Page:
Celebrate 95 Years of Scouting in Los Alamos


Oct. 1, 1918 is the official start date of Scouting in Los Alamos. The Los Alamos Ranch School near Otowi, New Mexico, chartered Boy Scout Troop 22 under school Director and Scoutmaster A.J. Connell.

For more than 25 years, the Los Alamos Ranch School’s program was integrated with the Boy Scout program and had the distinction of being the only mounted troop – each boy was assigned a horse to care for and ride.

A typical day for the Scouts included schoolwork in the in the morning and outdoor activities in the afternoon. Some of the activities included working in food gardens, helping with livestock, building hiking trails, camping at Camp May, skiing on Pajarito Mountain, and swimming, canoeing or skating on Ashley Pond (weather permitting). The highlights of summers included packhorse trips lasting several days to a couple weeks. 

After its final, expedited, graduation exercises in January 1943, the Manhattan Project took over the property of Los Alamos Ranch School, causing the students and most of the residents to leave the Pajarito Plateau. However, several local families, including the Gonzales family, stayed to work for the Manhattan Project.

Bences Gonzales, who had run the Los Alamos Ranch School Trading Post and was known for his skill as a trail cook, stayed on to run a trading post during the war years. His sons, Severo and Ramon Gonzales, were Boy Scouts in Troop 22 during the Los Alamos Ranch School years.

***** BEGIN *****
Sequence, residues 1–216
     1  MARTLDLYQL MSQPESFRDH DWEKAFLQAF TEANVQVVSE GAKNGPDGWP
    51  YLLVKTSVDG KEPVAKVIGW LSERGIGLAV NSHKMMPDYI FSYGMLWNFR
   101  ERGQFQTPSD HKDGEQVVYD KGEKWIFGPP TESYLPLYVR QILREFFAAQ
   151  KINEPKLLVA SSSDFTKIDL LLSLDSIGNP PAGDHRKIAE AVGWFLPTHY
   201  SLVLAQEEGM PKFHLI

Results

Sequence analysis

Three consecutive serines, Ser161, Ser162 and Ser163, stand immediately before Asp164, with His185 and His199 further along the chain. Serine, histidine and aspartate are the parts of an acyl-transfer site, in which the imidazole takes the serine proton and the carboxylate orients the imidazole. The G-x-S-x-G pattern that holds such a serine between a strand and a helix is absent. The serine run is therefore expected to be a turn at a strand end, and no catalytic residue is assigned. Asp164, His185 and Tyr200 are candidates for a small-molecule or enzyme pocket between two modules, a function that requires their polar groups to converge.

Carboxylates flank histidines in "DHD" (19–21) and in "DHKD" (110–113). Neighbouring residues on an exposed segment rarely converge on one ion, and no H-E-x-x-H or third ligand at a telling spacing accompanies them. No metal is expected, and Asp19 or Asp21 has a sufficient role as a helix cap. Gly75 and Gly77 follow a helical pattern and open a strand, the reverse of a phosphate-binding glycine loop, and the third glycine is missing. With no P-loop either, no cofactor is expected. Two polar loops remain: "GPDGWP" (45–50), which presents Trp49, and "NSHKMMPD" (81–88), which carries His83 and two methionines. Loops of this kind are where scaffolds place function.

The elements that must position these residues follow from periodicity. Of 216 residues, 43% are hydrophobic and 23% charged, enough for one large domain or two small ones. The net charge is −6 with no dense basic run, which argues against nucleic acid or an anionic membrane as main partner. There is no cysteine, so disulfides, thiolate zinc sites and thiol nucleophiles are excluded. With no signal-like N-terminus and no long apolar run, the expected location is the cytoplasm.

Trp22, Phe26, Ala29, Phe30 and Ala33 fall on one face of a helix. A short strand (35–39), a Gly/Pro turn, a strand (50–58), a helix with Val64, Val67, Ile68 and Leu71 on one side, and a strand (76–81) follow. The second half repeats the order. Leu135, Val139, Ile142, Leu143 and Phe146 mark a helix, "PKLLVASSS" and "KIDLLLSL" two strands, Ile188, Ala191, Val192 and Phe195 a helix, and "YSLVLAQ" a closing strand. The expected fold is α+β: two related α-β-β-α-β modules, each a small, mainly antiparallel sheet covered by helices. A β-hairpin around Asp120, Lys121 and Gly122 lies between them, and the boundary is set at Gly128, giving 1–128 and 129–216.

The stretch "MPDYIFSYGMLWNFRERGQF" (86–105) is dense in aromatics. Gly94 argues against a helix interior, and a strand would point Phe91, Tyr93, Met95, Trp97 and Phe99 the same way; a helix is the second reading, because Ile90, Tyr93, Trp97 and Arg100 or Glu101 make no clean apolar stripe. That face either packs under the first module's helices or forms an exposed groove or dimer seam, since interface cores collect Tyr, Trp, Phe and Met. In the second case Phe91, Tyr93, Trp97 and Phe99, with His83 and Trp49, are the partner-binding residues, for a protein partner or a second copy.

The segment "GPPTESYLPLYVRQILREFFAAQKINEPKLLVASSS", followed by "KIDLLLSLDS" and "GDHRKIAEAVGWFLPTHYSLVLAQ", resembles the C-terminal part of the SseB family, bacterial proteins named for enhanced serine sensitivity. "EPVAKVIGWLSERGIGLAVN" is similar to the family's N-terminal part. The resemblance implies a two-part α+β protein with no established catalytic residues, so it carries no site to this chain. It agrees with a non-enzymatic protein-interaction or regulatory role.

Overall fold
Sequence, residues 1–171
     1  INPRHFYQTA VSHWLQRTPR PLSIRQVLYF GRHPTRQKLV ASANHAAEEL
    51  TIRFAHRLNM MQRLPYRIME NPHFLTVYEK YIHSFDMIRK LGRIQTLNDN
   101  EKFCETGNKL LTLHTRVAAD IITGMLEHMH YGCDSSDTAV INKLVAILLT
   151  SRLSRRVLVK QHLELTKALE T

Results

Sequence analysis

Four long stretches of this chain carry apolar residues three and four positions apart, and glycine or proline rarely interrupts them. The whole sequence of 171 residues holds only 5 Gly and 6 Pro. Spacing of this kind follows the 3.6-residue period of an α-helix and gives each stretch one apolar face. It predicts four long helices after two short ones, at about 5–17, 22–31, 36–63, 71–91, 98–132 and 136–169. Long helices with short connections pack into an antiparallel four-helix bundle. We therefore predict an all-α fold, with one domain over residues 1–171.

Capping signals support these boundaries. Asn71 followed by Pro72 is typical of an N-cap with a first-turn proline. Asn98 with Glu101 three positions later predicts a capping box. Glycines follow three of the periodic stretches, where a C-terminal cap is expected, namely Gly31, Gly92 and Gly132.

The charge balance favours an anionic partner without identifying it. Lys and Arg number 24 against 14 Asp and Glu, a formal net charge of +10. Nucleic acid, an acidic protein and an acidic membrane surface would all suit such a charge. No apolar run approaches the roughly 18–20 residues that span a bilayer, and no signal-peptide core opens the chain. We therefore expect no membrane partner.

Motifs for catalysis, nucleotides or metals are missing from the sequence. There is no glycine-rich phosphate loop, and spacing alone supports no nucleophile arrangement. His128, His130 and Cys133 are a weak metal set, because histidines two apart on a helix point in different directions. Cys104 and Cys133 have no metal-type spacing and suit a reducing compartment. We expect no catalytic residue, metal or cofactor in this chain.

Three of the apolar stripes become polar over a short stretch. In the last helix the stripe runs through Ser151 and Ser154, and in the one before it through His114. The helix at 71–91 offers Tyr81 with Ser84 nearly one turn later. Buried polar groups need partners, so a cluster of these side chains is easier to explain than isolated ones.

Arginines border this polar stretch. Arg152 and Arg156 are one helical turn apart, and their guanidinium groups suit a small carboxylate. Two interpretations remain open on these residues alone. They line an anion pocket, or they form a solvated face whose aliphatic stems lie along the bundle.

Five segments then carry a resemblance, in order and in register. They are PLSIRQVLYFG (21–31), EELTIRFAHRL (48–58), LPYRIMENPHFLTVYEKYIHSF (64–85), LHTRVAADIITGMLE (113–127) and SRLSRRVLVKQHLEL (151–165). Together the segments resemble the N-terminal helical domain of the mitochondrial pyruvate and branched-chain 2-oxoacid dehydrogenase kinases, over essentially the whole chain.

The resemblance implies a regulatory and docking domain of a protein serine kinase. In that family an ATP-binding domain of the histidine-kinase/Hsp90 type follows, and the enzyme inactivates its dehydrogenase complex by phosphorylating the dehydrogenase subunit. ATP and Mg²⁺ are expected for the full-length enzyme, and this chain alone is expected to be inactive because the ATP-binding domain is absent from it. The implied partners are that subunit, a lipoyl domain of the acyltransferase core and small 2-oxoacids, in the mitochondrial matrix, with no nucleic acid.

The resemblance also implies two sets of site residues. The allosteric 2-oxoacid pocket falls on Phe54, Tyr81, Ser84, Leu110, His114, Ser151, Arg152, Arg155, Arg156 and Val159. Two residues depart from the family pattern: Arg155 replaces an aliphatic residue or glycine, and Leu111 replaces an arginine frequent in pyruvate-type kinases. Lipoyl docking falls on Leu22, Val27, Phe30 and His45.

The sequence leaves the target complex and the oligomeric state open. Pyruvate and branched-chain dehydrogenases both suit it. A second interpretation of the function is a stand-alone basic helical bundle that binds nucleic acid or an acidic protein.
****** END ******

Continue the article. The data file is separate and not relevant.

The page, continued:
Fortunately for them and about a dozen other boys at Los Alamos, Jack Aeby was hired as a civilian at Project Y. He worked as a taxi driver between Los Alamos, Lamy and Santa Fe, and then worked as a technician for Emilio Segrè. Aeby is most famous for having taken the only well-exposed color photograph of the Trinity nuclear test. Aeby, who had earned his Boy Scout Eagle award, took his Eagle Charge seriously and became the new Scoutmaster for Troop 22 in 1943.

Due to the war, horses were no longer issued to each Scout. However, the Manhattan Project did build a Boy Scout Lodge next to the Big House at a cost of $50,000. The Scout Lodge was used as a youth activity center since the Manhattan Project had taken over Fuller Lodge, the Big House and Spruce Lodge, which had been the Boy Scout’s cafeteria and living quarters during the Ranch School days.

On Oct. 6, Troop 22 is celebrating its 95th Anniversary at Fuller Lodge. The event will start at 1 p.m., with a historical synopsis of Troop 22 given by the current patrols in Troop 22. A Court of Honor will begin at approximately 2 p.m., for three Eagle scouts, Mathew Davenport, Nicholas Greenfield and R. Bradford Morely. Aeby, who is 90 years old, is expected to give these boys their Eagle Charge. A photograph of the current troop and refreshments will follow.

Join Troop 22 Sunday, Oct. 6 at Fuller Lodge to celebrate 95 years of Scouting in Los Alamos.




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